‘Morello’ is not a Japanese cherry blossom but it is pretty none-the-less. Just like the other Prunus Cerasus, the flowering is remarkable and this tree produces abundant, small, white, single flowers very attractive to pollinators. These make space for the fruit, in summer, one of the best sour cherry variety. The small, dark red cherries are perfect for preserves and tarts. It is a reliable good cropper too that can be grown in a large pot or trained against a wall, adapting very well to small gardens.

RHS Award of Garden Merit

Height and Spread: 4 x 4 m.


Caring for your cherry blossom


Planting: Plants in pots can be planted all year-round, however, Spring and Autumn are the best times as the soil is moist enough without being too cold.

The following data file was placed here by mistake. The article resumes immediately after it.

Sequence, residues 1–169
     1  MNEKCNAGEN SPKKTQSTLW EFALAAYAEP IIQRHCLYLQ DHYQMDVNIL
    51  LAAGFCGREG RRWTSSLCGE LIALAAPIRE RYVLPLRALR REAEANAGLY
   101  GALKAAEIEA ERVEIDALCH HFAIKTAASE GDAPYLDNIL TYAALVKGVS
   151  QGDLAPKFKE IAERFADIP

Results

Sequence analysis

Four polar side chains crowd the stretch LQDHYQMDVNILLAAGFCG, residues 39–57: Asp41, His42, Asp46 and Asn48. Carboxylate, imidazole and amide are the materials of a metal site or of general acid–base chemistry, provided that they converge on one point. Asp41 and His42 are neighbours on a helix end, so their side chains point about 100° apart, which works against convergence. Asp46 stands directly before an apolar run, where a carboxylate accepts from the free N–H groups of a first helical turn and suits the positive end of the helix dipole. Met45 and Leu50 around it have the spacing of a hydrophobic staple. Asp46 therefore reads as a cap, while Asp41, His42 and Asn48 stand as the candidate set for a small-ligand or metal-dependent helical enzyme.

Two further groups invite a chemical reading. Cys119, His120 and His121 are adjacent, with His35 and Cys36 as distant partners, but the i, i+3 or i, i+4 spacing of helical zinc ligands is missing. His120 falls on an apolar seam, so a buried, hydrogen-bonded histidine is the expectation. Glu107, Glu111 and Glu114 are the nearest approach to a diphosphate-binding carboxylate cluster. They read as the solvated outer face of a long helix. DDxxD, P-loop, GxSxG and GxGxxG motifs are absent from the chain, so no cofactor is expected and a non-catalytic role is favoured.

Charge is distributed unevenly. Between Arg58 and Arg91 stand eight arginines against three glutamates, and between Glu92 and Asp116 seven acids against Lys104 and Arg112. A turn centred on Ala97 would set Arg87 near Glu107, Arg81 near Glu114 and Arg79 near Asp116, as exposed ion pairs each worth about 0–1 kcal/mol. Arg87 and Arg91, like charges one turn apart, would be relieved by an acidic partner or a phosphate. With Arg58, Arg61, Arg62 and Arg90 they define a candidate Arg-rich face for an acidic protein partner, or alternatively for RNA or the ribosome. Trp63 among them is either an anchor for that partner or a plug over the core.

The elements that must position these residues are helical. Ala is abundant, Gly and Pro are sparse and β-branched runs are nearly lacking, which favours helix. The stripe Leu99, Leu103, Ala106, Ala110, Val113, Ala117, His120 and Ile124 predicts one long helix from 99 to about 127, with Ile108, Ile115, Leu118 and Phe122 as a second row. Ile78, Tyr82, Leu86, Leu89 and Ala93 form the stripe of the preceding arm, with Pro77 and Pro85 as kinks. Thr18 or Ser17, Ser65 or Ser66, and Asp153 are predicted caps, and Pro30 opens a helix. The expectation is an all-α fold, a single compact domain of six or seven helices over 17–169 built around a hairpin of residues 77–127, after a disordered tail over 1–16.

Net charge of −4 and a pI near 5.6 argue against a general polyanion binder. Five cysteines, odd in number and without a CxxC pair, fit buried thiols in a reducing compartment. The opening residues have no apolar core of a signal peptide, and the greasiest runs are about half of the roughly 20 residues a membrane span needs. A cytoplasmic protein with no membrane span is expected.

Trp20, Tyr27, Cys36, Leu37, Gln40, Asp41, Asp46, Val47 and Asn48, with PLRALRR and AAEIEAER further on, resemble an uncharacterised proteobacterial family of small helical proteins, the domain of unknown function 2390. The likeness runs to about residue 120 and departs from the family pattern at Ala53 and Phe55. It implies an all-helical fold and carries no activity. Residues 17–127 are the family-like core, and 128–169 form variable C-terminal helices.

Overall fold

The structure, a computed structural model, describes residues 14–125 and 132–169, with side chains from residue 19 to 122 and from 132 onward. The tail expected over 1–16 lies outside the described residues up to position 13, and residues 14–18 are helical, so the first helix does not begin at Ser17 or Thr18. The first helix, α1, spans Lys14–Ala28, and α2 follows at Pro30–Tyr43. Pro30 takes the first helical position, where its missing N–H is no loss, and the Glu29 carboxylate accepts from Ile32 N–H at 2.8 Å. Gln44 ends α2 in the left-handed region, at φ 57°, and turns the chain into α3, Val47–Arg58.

Dig a hole at least twice the size of the pot, break up the soil.

Loosen gently the roots of the tree and rub with RootGrow (optional but highly recommended for specimen trees as it will considerably help the establishment of the plant).

Place the tree in the hole and backfill with the remaining soil, mixed with compost. Make sure that the soil is at the same level as it was in the pot.

Larger trees may need staking for the first few years.


Where: Some varieties can be grown in pots. In general, for cherry blossoms, choose a site in full sun and relatively sheltered so you can enjoy the flowering season for longer. The sour cherry can be grown in partial shade.

They are tolerant of a very large variety of soils, avoid, however, very heavy ones or amend the soil adequately to improved drainage by adding sand/grit and soil improver.


Pruning: Cherry blossoms only need a light pruning to remove damage or diseased branches. Do so in late winter or early spring. Mulch and feed then.